I stumbled out, glazed, sweating. The lights and walls and shirt fronts were too white. I held out a hand, but no one steadied me. I saw a blur of faces—and a spark of sympathy in that Chinese girl’s eyes, before her date guided her off toward the wine.
Something grabbed my hand, and I barely contained a scream. “Amazing, isn’t it?” Shannon, her smile still plastered on.
“That’s a word,” I said.
“A different world, seen through the intermediary of the model. Morrison wants to buy the lot.” She introduced me to the man behind her, a thickset robber baron type with white hair and bushy mustache and the tuxediest of tuxedoes. “Morrison, this is my client, Deliah Dane. She knows Crispin.” With a conspiratorial edge on Crispin’s name and the word knows. Morrison took my hand and said something vacant and polite, and Shannon added, “You absolutely must see the Nudes.”
I wanted nothing less. “How long was I in there?”
“Five minutes,” she said with a glance at her watch. “Or so.”
That felt too short, and too long.
Morrison cleared his throat—did he recognize me?—but before he could speak or I could recoil, the scarecrow clinked her glass. All eyes turned upon her, and she effused—for a scarecrow—about Crispin and how glad she was “all of you” had come, meaning everyone with money to spend, and she asked Crispin to say a few words.
“I have to go,” I told Shannon, and as I slid through the crowd toward the door Crispin read from notes typed on index cards.
“—to portray a deeper world than the one we see. Vision is a kind of—exploration, frontier seeking: each sensory impression is a sheet disguising a universe of processes, not all—amenable to human understanding. And in that dialectic between our naïve comprehension and the vast and pitiless truth, we find—”
The door closed, and rain and the buzz saw of taxi tires through puddles replaced him.
I tore up the doom-ending of my play that night, but I couldn’t think of anything to write in its place other than “and monsters ate them all,” so I stopped. I lay awake listening to Rache and her boyfriend have messy sex on the other side of my bedroom’s thin walls. Even that sounded wrong.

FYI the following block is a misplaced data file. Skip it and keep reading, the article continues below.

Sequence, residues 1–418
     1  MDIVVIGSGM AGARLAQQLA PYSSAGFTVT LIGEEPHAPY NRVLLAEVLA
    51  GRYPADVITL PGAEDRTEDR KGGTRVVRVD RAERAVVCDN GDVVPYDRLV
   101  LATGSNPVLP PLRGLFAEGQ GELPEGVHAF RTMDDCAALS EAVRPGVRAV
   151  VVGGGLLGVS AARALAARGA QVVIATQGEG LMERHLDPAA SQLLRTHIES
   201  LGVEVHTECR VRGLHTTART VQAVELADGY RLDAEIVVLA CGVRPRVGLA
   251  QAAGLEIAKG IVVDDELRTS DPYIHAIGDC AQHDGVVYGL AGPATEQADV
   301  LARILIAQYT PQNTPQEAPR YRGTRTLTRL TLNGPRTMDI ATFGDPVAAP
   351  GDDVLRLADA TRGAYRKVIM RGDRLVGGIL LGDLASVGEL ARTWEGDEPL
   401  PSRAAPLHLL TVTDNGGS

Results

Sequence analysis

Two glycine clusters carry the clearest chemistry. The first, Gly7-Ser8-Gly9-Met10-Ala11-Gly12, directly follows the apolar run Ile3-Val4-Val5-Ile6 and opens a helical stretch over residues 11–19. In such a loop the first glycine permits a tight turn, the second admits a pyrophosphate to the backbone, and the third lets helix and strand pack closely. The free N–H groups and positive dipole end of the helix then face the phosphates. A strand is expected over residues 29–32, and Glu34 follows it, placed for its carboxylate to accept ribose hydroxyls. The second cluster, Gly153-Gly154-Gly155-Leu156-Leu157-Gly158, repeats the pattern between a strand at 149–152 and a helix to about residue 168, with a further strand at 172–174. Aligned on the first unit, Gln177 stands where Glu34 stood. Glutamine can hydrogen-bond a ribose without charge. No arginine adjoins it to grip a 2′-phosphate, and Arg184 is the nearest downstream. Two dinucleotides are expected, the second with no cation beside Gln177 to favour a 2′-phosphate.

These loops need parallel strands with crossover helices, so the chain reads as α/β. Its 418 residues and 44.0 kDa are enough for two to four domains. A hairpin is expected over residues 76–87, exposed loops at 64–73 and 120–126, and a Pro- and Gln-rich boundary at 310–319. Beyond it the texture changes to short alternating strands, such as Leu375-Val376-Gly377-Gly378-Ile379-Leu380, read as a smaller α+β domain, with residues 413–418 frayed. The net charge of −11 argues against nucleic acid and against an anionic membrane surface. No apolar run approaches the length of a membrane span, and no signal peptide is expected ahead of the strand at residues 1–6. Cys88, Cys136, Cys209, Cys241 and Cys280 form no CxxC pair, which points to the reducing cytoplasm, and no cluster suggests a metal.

But I am a professional, and I keep my word, so even though I barely slept that night I was still on time for my next session with Crispin.
He met me at the door with a glass of scotch, a bonus envelope, and a bouquet of star lilies. “They sold,” I said, and set the lilies down, and he said, “Yes,” and “All to the same buyer.”
“Morrison Bellkleft, yes,” he said. “For a considerable sum.” He sat, silent, and waited. I drank.
Whiskey warmth eased the next bit: “Those portraits don’t look anything like me.”
“No. Hell, your roses don’t even look like roses. Not like normal roses.”
You don’t say that kind of thing to a client who’s paid you better than you’ve ever been paid before, but I was done not knowing. Knuckle on temple, he considered. He had a silence like glass.
“Have you ever watched someone you love die?” He spoke flat. “Not just known they were dying, but sat beside them, felt their pulse, watched their eyes as they failed, again and again, to understand what was happening—then the horror when they finally got the joke? Only to forget it all, and minutes later remember once again.” He stood and walked to the window. “There comes a moment when the doctors stop giving them water, you know.”
“The world is sick. Life warps itself. We ignore—everything. We blind ourselves to the writhing truth of the rot beneath our skin. We call a storm sky black, when the fiercest storms are all awash with color. I was taught to paint what I see. I force myself to see deeper, truer. To see beneath, below, beyond. I hide my work so its unveiling will shock the viewer, and open a gate to the truth they’ve ignored.”
“I know truth,” I said.
He didn’t answer.
“You think I don’t? Rich white guy like you, you think you have an inside line on how messed up shit really is?”
“No.” He turned: a silhouette. “The world is horror, and sickness, grotesque realities we suppress and ignore. That’s the space to break open, that’s the frontier. Not stars. What’s under the flesh.”
“It doesn’t feel right.”
“Art isn’t moral.”
“Bullshit. It’s my body you’re painting.”
“It isn’t you,” he said. “You’re just the gate. You’re the best model I’ve ever had. I’m trying, so hard, to get this right. To show them.” I recognized the pleading from boyfriends past, but this felt more sincere. Diving, always diving, toward some light he could not see. “I need this.”
He pointed with his head toward a massive canvas by the wall. Eight feet across, five feet high. White, and waiting. For me.
“Will you help me?”
And God help me, I said yes.
We started that day. I wake up some nights thinking we never stopped.
Modeling for a work that size differs in degree and kind from sitting for smaller portraits. The canvas looms over the studio. Crispin, working, disappeared behind it. I heard him breathe, I heard the serpent-over-rock slither of his brush. My watch and his ticked just out of time.
Pressure built inside me, and out.
He posed me on the divan, rising as if from sleep. The poses had been simple before: stand here, sit, turn your head. This time, Crispin wanted to catch me in the moment of waking: one arm back, eyes half-lidded, mouth open. When we got the pose right, hunger and fear mixed in his eyes.